Please use this identifier to cite or link to this item: http://hdl.handle.net/2122/10730
Authors: Branca, Stefano* 
Abate, Tiziana* 
Title: Current knowledge of Etna's flank eruptions (Italy) occurring over the past 2500 years. From the iconographies of the XVII century to modern geological cartography
Issue Date: 2017
DOI: 10.1016/j.jvolgeores.2017.11.004
URI: http://hdl.handle.net/2122/10730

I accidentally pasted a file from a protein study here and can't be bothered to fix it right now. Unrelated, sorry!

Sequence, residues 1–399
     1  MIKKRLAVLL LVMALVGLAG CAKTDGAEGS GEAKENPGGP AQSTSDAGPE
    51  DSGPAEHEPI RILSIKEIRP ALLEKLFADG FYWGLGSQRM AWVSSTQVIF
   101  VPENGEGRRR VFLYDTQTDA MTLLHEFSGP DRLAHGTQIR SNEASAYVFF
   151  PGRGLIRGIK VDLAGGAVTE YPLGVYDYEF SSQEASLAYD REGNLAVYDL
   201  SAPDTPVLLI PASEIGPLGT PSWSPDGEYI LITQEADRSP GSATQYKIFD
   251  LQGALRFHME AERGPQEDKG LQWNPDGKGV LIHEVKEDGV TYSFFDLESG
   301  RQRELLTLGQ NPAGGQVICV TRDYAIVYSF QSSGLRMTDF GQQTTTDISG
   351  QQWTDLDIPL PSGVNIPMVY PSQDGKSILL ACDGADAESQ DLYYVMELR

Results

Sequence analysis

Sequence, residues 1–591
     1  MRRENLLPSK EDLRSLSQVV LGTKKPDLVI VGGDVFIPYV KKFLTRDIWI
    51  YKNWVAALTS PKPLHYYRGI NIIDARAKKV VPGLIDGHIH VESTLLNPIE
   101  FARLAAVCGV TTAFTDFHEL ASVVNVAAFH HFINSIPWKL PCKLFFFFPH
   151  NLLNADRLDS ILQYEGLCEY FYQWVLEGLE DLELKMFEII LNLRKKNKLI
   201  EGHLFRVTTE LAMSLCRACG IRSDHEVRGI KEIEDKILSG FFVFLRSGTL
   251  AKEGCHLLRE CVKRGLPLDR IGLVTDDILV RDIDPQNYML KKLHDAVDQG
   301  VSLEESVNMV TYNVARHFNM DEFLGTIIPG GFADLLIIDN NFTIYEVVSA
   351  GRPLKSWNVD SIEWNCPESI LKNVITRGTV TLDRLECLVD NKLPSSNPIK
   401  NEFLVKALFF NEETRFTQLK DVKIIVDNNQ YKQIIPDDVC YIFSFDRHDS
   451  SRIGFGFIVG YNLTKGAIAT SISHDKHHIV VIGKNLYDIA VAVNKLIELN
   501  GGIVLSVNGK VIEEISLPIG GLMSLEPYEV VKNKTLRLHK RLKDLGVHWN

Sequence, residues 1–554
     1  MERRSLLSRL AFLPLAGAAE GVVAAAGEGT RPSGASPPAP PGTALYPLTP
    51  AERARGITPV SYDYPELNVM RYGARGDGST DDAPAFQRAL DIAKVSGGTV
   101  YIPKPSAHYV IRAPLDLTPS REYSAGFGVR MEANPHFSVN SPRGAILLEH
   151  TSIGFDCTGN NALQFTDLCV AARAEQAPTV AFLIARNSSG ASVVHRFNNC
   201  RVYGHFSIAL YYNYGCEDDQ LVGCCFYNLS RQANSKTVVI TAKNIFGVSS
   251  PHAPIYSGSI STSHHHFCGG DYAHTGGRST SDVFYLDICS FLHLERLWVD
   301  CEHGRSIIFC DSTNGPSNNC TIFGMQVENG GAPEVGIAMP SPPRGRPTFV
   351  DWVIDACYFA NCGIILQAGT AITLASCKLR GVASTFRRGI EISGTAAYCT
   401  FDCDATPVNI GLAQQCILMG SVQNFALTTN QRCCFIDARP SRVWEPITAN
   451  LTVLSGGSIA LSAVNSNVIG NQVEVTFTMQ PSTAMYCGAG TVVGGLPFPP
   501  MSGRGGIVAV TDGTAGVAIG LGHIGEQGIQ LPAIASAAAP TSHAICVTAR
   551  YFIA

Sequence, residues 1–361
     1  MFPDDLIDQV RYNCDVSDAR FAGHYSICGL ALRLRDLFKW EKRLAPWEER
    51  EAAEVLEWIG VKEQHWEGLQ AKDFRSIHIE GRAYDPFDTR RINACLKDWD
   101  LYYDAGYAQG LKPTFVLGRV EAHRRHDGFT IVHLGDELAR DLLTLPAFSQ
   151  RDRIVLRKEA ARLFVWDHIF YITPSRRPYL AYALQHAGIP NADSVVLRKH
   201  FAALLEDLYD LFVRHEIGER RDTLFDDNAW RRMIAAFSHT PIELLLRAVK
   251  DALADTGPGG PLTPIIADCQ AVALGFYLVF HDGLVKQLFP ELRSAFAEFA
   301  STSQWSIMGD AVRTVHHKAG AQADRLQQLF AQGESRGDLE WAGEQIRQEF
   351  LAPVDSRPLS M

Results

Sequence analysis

Abstract: Knowledge of Etna's eruptions has been profoundly influenced by the illustrations, though these can only provide limited information on the lava flows and their effects on the territory. Indeed, the absence of iconographic sources or again the disparity between the physical reality and the illustrations has led to many gaps and uncertainties that have lasted for centuries. This paper traces the progress of the representations of the historical eruptions of Etna volcano, fromthe earliest attempts in the 17th century, be they iconographic documents or pictorial illustrations, to themodern geological cartography of 21st century. It seeks to reconstruct the evolution of the history and methods of representing Etnean eruptions, highlighting the crucial steps in the progress of knowledge on the historical flank eruptions. The turning point in the long process of drawing and rendering the eruptions of Etna came with the work of Sartorius vonWaltershausen, with the realization of the first geological map of the volcano at a 1:50,000 scale between 1836 and 1843. In this long history of the representations of eruptions, begun in the 17th century, Sartorius' cartography finally overcame the problem of rendering these events in space by inserting the notion of history in the map.What now remained for those engaged in mapping the volcano was to solve the issue of defining the “time” of Etna's historical lava flows. Thiswould be tackled only at the end of the 20th centurywith a multidisciplinary approach comprising stratigraphy, historiographical studies and the dating of the lavas. In this frame, the present state of the knowledge of the flank eruptions occurring on Etna in the past 2500 year has evidenced that during the Greek-Roman and Medieval epochs up to the 17th century flank eruptions commonly involved the middle-lower slopes, impacting mainly the south sector of the volcano with the location of the eruptive fissure sometimes below 1000 m of altitude. This eruptive behavior of the volcano has been radically modified following the occurrence of the large 1669 eruptions since the opening of the fissures was mainly concentrated in the upper-middle slopes between 1600 m and 2500 m a.s.l.
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